Steve's Chile Diary - December 1996
We flew out on 16th December. You can't fly direct from London to Chile, so we flew to Madrid in Spain and then changed planes to Rio de Janeiro in Brazil (jumbo jet). We stopped there for an hour or so while a new crew got on, and then eventually (23 hours after we started), we arrived in Santiago de Chile (the capital).
The first shock was that we went straight from winter to summer. In London it was dark at 4pm, and freezing cold. In Santiago it was 80 degrees, and light until about 9.30 pm. We had booked a hotel from London so we didn't have to go looking around. Our friend Jude who has been travelling round Europe in her own was waiting for us at the airport. We checked into our hotel and then went for a bit of a wander. It was around lunchtime, so we didn't want to go to bed even though we were very tired, as we wanted to adjust to 'Chile time'.
Our hotel had a swimming pool, and we hung around by the pool for a bit and relaxed. The next day we saw a few more sights, but that was enough of Santiago. It's not a terribly attractive city - mainly due to the pollution. It is on a big plain surrounded by mountains, and the pollution just hangs in the air so you can't see the mountains most of the time.
After that we had another climatic shock. We flew down to Punta Arenas, right at the foot of South America. Boy was that different. When we got out of the airport, there was a bus waiting which would take us to where we wanted to go (Puerto Natales). We walked out into this freezing cold wind, and sleet. At this stage we still had our 'summer' clothes on. The whole point of going to Puerto Natales was to go to the Torres del Paine National Park. This is a really remote place. After the two hour bus ride to Puerto Natales, we found a room to stay in (fantastic view over the 'Last Hope Sound' (a river estuary). Then the next day it was a 5 hour bus ride into the park. There are only two types of accommodation in the park, 'Refugios' (a tin hut with no furniture, so you need to take your own sleeping bag etc), and a couple of hotels. Guess which we chose? The hotel we stayed in was right at the edge of a glacier, and it was an amazing sight when we arrived, to see blue icebergs floating in the lake by the hotel. We went for a walk in this driving, bitter cold rain, which was rather exhilarating.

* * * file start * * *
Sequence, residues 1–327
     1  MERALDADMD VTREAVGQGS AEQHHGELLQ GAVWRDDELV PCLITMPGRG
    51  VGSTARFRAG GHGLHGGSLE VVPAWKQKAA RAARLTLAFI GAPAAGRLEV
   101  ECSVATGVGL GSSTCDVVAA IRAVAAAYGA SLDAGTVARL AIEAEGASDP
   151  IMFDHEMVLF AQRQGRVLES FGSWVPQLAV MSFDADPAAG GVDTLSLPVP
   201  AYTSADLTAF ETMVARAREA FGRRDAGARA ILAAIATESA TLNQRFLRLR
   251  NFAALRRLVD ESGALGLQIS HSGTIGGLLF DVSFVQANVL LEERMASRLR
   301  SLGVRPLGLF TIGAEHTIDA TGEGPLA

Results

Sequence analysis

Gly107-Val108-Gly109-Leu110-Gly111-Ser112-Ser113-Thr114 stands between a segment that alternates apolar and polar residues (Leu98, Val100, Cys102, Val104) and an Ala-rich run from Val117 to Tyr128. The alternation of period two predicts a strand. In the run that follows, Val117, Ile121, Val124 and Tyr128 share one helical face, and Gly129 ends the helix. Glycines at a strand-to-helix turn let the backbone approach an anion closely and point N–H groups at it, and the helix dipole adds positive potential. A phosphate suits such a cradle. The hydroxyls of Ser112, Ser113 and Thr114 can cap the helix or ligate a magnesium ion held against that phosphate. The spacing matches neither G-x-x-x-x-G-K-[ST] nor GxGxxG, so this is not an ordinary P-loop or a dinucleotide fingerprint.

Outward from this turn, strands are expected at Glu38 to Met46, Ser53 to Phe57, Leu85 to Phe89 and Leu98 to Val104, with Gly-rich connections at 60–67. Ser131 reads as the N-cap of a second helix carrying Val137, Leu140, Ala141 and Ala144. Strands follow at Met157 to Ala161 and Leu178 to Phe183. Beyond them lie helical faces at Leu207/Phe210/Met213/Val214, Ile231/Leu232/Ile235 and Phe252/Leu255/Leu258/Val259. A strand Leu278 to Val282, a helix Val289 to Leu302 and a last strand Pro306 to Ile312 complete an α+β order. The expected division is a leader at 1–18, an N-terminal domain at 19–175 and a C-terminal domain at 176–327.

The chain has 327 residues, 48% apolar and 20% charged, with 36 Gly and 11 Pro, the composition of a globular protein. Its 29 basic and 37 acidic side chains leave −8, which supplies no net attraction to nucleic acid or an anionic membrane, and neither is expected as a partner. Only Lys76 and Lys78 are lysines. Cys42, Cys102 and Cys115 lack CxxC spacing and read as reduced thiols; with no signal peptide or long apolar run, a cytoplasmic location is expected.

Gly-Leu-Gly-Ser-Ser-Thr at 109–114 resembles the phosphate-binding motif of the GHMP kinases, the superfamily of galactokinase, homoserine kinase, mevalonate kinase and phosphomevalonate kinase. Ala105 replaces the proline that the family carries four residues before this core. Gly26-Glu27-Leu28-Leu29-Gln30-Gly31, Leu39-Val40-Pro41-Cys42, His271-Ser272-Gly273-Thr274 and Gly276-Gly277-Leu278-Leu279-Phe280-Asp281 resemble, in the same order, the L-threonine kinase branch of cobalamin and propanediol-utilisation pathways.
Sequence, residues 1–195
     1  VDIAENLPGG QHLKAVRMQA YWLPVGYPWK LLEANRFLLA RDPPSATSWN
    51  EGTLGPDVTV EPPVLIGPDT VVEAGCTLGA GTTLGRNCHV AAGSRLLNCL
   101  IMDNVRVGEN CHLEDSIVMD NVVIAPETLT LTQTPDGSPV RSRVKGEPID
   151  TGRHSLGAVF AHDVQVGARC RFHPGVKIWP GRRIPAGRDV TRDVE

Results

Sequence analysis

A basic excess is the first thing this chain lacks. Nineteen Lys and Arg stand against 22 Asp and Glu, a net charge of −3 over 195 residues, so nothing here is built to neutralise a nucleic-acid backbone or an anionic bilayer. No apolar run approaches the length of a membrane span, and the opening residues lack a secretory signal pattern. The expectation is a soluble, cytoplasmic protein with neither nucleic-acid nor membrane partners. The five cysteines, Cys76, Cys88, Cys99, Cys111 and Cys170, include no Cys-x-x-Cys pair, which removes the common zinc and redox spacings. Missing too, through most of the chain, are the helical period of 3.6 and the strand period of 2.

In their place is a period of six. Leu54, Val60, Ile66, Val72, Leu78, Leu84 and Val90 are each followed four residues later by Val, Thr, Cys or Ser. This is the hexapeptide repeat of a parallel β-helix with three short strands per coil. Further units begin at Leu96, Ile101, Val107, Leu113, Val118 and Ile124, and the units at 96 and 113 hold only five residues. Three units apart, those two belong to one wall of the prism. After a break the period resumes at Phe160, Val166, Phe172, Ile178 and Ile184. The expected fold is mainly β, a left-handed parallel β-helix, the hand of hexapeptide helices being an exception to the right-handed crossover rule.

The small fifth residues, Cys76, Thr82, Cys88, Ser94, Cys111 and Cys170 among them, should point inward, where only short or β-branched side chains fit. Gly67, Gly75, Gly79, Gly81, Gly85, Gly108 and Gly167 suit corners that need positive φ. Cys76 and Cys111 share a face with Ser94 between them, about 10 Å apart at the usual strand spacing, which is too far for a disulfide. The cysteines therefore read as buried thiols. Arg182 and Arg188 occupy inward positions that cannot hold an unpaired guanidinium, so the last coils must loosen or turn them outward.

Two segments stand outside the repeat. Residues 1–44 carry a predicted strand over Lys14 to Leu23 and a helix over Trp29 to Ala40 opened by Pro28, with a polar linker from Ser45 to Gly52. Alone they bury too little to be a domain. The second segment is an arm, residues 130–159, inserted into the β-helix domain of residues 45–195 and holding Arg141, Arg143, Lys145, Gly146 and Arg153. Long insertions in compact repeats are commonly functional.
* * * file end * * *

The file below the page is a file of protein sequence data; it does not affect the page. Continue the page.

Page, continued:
The next day the weather was rather better (after all it is summer there). It wasn't hot, or even warm, but it wasn't too cold and the sun shone from time to time. The scenery was really fantastic, and really unspoiled. We walked for about 6 hours in total, and it was quite energetic. The next day we climbed up this huge hillside, which took us about 3 hours, but the view was worth it. The following day we went on a boat trip to another glacier, and on the way we saw some cormorants. The day after was Christmas Eve, and we went back to Puerto Natales. It was quite late when we got there, and it was hard to find a room. The one we eventually found was really basic - just three beds in a horrible bare room - no heating, and no hot water in the bathroom. Also you had to go through the kitchen to get to the bathroom, and the woman who lived there had her friends round, so it felt a bit awkward. Also she was supposed to provide breakfast, but when we got up, there was nothing there, and she was still asleep. We were very relieved to get out of there. Not the most comfortable start to Christmas. On Christmas day we got another bus back to Punta Arenas (in preparation for flying north), and when we got there we checked into a very warm and comfortable room. We all went for a nice run together and then had hot baths - luxury! Jude's Mum had sent her bubble bath for a present, which made it even nicer. In the afternoon we went to a Penguin colony. they are sooo cute! They really do walk along in a line, one after the other. There were also ostriches there. In the evening we went out for a nice meal and got thoroughly drunk.
The day after Christmas Day, we left the really cold part of Chile, and flew North to Puerto Montt. We had a bit of a scare on the way to the airport, as the bus was late leaving, and then it coughed and spluttered for about five miles, before breaking down completely. Luckily for us the driver managed to flag down an airline staff bus and they got us to the airport just in time.